This post is for Charlotte.
If I didn’t love cooking or eating, I don’t think I ever would have had a garden of any kind. But when the prospect of flavourful nutrition is involved, I will happily dig my fingers into dank soil, prune, water, gush over new sprouts, and generally tend with enthusiasm to my miniature window herb garden.
This is my first year growing my own herbs, and I’m very happy with the set-up I have so far. I’ve got rosemary, oregano, basil, coriander, lemon balm, mint, and wild strawberries crammed onto my kitchen window sill, all of which I’ve purchased as seedlings from the market. Most of them are herbs that I use on a daily basis: I use lemon balm and mint for both hot and cold beverages and like to add them to veggie salads for an unexpected kick; I use basil for pretty much anything, but the main reason I wanted to grow lots of it was because I’m a nut for home-made pesto; coriander is probably my favourite herb, and I could eat it on everything, but its main purpose in my garden is to enhance the several Mexican dishes that I make regularly; oregano is my magic ingredient when I want to turn a simple pasta dish into something exceptional; rosemary is a bit of a novelty to me, but I’m learning to use it in roast dishes and with mushrooms; as for the strawberries, they were purchased more or less as a whim, but are doing surprisingly well – it even looks like I’ll be able to pick enough to make a dessert for two people! (That is, me and my companion.)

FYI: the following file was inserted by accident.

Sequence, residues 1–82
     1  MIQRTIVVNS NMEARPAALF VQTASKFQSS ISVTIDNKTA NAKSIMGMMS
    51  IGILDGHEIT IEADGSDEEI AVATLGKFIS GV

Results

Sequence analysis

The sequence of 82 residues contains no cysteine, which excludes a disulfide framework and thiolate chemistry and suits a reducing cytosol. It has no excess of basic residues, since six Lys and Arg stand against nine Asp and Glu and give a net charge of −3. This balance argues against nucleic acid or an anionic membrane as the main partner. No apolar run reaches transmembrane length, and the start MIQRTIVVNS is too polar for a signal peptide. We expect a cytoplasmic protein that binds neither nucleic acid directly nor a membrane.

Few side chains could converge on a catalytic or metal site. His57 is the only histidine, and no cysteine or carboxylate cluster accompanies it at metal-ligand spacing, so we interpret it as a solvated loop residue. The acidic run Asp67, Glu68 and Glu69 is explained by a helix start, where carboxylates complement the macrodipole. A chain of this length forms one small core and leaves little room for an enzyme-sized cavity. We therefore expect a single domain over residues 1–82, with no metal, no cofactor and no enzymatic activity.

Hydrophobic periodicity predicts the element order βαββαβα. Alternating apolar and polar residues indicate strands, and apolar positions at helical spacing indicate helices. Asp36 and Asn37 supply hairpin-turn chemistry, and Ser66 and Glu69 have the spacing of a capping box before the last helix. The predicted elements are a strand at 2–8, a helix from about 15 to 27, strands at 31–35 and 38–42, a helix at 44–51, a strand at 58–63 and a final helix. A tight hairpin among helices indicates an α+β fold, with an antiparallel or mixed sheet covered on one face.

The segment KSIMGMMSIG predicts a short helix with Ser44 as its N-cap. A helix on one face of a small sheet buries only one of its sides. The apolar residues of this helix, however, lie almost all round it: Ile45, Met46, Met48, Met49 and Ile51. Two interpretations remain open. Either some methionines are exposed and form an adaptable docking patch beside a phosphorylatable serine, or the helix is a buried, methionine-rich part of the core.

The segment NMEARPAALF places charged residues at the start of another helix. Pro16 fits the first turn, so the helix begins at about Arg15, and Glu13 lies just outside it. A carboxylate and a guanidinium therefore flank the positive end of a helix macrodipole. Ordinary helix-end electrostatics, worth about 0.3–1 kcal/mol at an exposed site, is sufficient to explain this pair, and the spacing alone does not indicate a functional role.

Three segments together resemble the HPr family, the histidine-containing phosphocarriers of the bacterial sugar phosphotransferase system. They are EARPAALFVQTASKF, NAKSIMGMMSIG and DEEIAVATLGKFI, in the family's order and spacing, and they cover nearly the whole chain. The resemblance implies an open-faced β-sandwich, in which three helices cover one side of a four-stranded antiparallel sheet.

As you can see, I’ve made caring for the garden easier for myself by adding notes with caring instructions to each plant. I can’t remember where I got this idea from, but I certainly can’t praise it enough. If it hadn’t been for those notes, my muddled mind would have never been able to keep up with the individual requirements of each plant! (I was particularly tickled by those of rosemary: ‘Do not water and do not feed.’ Sweet!)
Of course, there’s a huge variety of edibles that you can grown on your window sill. My companion managed to nurture black prince tomato seeds – which he procured and dried himself – into 1m tall, healthy plants that are very likely to breed actual fruit. (Then again, this man would get a richly blossoming peach tree if he picked up a dry stick on the street and stuck it in some mud.) Next year, depending on how my current garden flourishes (or not, though hopefully not), I might expand the repertoire.
Because really, there’s nothing to it: a bit of soil, a bit of sun, and regular watering. Are you growing anything interesting in your windows or gardens this year?